December 5 is a very special day: not only is it Krampusnacht, but it is also the birthday of both Otto Preminger (1905-86) and Fritz Lang (1890-1975), the latter pictured above. As it happens, 2022 also marks a century since Ernst Lubitsch (1892-1947) made his move to Hollywood, as well as the centennial of Murnau’s Nosferatu. It seemed to me a sort of charmed day on which to do a post to help you sort out the tangle of famous German and Austrian directors who came to Hollywood to work during the first half of the 20th century.
That’s a thing, right? It’s an icon, even a stereotype. The autocratic director with the jodhpurs, riding crop, monocle, megaphone, equestrian boots, khakis, pith helmet or beret, and a camp chair. This look was so widely emulated that you will find widespread speculation about its origin on the internet. Cecil B. DeMille is one of the earliest and most famous to be associated with it, though I believe the real answer everyone is looking for is Erich von Stroheim (1885-1957), one of the first of the German-speaking directors to come to Hollywood and one especially known for his, shall we say, conspicuous devotion to strict order and discipline? Directorial image aside, there were also other factors at play when this look evolved. One is that, horses were still a practical fact of life, especially in the shooting of westerns, but really across most screen genres, at least in the teens when this look originated. The other is that World War One glamorized militarism for a time. Anyway, this “German director” image was amplified by the fact that several of these guys also dabbled in acting. Von Stroheim is the one we know the best this way through dozens of roles, most famously Max in Sunset Boulevard; but Wilder also cast Preminger in Stalag 17, and you can see a monocle sporting Lang in Godard’s Contempt.
The irony, of course, is that even as they cultivated a Prussian image, or played Nazis, Von Stroheim and Preminger were actually Viennese Jews. Many or most of the men we’ll be profiling below were Jewish. We’re accustomed to regarding them all as exiles or refugees from the Nazis, although it is instructive to note that many came to Hollywood long before conditions in Europe worsened, lured there by carrots rather than chased there by sticks. They brought with them sensibilities and styles ranging from German Expressionistic horror, to Viennese Light Opera. Though they worked for most of the major studios, I think it can be said that German-born born Carl Laemmle was a key figure in this development, for it was he who first hired Von Stroheim to direct, fostered the talent of his cousin William Wyler, and ran the studio most associated with classic horror, where directors like Freund, Ulmer, and others made their mark. Another crucial figure is Baden-born director Max Reinhardt. Though he was mostly a stage director, and he only co-directed one Hollywood film, the 1935 adaptation of his stage production of A Midsummer Night’s Dream, he mentored several of the men we treat of below.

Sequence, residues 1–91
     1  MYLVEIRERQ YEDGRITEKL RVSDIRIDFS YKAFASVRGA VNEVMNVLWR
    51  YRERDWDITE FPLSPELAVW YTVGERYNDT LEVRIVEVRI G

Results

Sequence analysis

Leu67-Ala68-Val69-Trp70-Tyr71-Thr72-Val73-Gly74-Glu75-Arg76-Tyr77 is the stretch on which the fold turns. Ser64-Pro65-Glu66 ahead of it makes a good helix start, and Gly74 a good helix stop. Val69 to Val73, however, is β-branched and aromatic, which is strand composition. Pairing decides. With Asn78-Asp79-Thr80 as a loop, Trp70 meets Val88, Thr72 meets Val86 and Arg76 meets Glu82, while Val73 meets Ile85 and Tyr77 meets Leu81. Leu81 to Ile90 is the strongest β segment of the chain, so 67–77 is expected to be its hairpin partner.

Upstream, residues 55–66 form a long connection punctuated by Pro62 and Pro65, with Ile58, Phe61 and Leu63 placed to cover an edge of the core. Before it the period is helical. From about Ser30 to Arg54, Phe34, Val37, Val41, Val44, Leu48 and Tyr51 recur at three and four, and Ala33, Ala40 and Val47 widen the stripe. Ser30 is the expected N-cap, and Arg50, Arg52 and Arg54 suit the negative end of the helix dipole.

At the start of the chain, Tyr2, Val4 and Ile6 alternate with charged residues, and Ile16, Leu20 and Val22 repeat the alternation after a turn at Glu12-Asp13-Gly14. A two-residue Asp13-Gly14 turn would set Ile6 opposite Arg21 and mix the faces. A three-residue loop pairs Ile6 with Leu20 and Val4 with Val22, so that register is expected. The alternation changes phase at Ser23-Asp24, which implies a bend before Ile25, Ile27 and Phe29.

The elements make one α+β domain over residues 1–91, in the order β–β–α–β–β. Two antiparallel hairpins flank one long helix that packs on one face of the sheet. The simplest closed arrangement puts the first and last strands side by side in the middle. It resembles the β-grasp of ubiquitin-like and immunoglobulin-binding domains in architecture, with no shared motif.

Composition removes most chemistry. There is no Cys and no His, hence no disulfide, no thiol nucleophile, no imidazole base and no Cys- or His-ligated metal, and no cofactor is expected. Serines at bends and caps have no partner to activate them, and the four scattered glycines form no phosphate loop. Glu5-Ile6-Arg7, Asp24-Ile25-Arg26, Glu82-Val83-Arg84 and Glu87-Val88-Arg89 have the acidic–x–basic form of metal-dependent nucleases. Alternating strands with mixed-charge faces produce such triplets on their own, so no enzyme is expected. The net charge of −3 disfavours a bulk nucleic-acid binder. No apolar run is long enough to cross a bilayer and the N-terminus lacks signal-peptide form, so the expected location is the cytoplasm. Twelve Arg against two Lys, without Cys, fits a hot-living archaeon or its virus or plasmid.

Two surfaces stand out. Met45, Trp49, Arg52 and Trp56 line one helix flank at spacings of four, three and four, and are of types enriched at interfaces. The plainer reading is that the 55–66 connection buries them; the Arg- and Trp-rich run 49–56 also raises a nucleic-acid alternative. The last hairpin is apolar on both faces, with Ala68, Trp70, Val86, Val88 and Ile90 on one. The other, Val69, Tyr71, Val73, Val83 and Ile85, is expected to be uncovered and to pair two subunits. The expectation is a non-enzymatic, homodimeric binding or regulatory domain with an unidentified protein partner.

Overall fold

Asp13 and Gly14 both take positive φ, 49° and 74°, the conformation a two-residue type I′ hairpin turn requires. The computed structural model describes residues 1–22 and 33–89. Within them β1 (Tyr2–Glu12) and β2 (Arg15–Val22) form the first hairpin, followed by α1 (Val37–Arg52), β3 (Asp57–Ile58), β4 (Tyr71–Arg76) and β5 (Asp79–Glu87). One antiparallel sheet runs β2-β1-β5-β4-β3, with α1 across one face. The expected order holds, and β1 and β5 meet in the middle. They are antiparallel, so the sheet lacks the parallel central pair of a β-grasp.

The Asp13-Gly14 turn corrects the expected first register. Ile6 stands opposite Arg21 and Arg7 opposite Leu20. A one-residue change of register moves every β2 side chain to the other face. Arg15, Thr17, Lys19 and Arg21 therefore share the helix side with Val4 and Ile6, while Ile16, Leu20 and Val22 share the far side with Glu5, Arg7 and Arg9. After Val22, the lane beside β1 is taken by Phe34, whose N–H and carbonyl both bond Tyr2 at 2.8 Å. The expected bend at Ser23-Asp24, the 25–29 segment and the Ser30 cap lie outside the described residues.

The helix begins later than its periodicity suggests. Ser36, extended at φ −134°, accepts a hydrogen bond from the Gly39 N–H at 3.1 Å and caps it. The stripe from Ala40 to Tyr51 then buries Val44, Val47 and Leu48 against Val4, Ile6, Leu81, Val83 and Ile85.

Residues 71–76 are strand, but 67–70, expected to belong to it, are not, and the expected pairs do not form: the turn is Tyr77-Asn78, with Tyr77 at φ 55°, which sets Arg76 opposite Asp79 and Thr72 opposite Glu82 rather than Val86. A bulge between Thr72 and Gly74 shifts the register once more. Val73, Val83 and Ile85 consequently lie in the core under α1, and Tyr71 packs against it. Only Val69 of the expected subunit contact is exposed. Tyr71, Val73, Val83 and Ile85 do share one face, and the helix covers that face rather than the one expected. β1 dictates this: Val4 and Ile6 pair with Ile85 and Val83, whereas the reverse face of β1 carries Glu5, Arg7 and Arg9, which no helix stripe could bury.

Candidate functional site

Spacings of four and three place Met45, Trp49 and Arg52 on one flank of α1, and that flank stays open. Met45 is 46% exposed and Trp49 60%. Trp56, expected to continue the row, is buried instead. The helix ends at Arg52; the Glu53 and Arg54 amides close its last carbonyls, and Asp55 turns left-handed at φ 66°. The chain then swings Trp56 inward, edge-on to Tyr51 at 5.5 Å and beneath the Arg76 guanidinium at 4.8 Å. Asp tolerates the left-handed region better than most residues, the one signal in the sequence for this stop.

Another interesting fact is that this influx of talent occurred during a time when German and Austrian emigration to America was in decline, following the massive influx that had characterized the 1840s to the 1890s, influencing American culture in countless ways as we chronicled here. Germans had been among America’s earliest American immigrant groups, dating to the late 17th century. World War One put the chill on America’s attitudes towards Germans, and on immigration, in general.
Probably because his entire career was spent directing slapstick comedy shorts, Lehrman is almost never included on lists of this type, although he really ought to be. Not just because I’m a firm believer in the dignity and worth of comedy, but because he was an important guy in screen history, not only a writer and director of films, but also for a time a producer and head of his own studio divisions. An immigrant from Vienna, he began to work at Biograph in 1909 and became the acolyte of Mack Sennett. Later he left Keystone for Fox, and took a lot of Sennett’s talent with him. Today he is primarily remembered from the couple of movies he made with Charlie Chaplin, and for his involvement with Virginia Rappe (whose death resulted in the railroading of Roscoe Arbuckle). More about him here.
Erich Von Stroheim (1885-1957)
Von Stroheim’s origins are somewhat shrouded in mist. His Viennese birth and his 1909 steamship crossing are both documented, but there seems to be a general consensus that he wasn’t the aristocrat he claimed to be, and that there was something unusual about the way he spoke German. As a director, Von Stroheim is best known for his 1924 masterpiece Greed. Greed used to be included on everyone’s “ten best” list — I just learned that it didn’t even make the Sight and Sound Top 100 a few days ago! I’ll confess that I find that appalling. I’m all for the including lots more films by women and people of color, but the things I personally would bump would be more along the lines of Singing in the Rain and Northwest by Northwest. Greed? That’s sacrosanct. Anyway, I’ll return to this topic upon its centennial a couple of years from now. Unlike most of the other directors on this list, Von Stroheim started his career in Hollywood, not Europe. He was initially a stunt man and bit player starting in the mid teens, then rose to greater roles, was an adviser on movies with German themes, and then an assistant director under D.W. Griffith. He began directing himself in 1919, but proved so difficult and extravagant that he only managed to direct a few movies. He’s also memorable as an actor in ushc films as The Great Gabbo (1929), The Grand Illusion (1937), The Great Flammarion (1945) and Sunset Boulevard (1950).